Anecdotal evidence that aspartame disrupts memory has been growing since the sugar substitute was approved in the early 1980s, though attempts to prove the claim have so far been equivocal. Previous studies have tested memory by asking aspartame users to remember lists of words or numbers -- tests of short-term memory. But according to Timothy M. Barth, Ph.D., a psychology professor at Texas Christian University, those studies focused on the wrong type of memory.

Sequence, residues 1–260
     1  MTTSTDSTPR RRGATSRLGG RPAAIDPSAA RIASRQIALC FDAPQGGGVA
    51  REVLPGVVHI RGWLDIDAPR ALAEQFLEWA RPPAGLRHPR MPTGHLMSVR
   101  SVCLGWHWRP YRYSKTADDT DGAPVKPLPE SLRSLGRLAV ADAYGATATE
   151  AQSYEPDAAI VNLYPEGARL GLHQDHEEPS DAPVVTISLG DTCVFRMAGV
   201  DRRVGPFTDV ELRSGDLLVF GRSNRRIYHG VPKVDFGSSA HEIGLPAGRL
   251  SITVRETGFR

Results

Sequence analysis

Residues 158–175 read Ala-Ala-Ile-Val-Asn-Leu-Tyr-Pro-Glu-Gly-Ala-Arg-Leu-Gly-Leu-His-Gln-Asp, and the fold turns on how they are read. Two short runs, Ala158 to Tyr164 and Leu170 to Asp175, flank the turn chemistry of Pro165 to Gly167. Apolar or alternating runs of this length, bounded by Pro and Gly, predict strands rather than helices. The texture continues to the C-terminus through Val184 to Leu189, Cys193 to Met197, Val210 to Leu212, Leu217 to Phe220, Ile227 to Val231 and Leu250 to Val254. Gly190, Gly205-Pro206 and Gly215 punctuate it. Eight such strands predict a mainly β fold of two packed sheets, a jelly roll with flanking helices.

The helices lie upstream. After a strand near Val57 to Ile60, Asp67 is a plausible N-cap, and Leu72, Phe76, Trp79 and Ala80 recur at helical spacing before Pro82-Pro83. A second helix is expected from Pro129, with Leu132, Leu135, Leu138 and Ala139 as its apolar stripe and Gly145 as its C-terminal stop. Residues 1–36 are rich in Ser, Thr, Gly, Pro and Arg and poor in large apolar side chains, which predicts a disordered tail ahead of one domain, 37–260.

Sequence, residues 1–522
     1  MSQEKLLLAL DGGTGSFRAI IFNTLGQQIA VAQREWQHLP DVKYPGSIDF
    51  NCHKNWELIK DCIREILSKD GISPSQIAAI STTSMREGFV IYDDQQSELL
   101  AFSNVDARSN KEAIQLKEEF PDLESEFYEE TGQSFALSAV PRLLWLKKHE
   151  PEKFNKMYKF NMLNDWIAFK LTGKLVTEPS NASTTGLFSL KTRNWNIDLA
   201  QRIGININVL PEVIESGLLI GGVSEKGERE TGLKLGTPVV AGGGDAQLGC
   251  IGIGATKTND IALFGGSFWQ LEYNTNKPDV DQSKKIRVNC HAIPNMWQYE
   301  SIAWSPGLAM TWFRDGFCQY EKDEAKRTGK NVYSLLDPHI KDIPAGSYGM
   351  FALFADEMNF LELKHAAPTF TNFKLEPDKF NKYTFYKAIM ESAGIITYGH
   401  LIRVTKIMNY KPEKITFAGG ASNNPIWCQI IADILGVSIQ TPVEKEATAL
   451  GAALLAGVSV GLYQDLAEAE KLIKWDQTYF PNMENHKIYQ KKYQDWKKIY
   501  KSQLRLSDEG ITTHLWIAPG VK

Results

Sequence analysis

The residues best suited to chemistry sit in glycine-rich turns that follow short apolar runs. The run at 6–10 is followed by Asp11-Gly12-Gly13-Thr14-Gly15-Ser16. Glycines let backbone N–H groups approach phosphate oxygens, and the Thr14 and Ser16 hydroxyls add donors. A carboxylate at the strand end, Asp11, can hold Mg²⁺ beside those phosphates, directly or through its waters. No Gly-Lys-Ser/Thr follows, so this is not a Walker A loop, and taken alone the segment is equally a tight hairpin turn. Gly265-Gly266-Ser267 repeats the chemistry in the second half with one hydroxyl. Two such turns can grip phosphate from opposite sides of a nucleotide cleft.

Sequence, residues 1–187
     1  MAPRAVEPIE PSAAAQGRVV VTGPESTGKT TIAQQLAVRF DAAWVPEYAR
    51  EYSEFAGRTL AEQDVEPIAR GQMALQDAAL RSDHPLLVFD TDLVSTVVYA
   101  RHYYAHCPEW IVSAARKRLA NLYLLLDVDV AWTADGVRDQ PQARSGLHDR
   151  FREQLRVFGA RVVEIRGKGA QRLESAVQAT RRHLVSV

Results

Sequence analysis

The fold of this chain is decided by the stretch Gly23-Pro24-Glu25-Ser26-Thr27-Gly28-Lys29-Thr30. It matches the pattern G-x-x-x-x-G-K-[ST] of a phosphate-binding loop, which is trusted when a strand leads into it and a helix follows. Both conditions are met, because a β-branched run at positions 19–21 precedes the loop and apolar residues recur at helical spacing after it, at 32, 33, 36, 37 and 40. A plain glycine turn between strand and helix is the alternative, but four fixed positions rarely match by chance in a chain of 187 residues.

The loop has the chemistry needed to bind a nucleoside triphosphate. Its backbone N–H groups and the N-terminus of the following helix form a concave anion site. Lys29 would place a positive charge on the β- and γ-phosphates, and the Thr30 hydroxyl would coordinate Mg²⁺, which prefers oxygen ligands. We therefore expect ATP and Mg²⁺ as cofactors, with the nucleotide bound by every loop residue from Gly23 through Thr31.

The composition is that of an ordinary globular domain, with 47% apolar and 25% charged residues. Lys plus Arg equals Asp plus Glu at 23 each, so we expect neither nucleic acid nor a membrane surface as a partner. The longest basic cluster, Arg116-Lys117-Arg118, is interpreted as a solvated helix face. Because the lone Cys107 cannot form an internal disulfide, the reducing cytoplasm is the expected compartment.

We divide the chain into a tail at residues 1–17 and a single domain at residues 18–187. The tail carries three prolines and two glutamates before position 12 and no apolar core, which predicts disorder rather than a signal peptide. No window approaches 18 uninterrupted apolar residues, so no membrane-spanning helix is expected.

In his study of 90 students, Barth found that participants who regularly drank diet sodas containing aspartame performed as well as nonusers on laboratory tests. However, aspartame users were more likely to report long-term memory lapses like forgetting details of personal routines or whether or not a task had been completed.
"These people aren't crazy," says Barth. Instead, "the type of memory problems they report are not the type of memories that have been assessed in the typical laboratory study."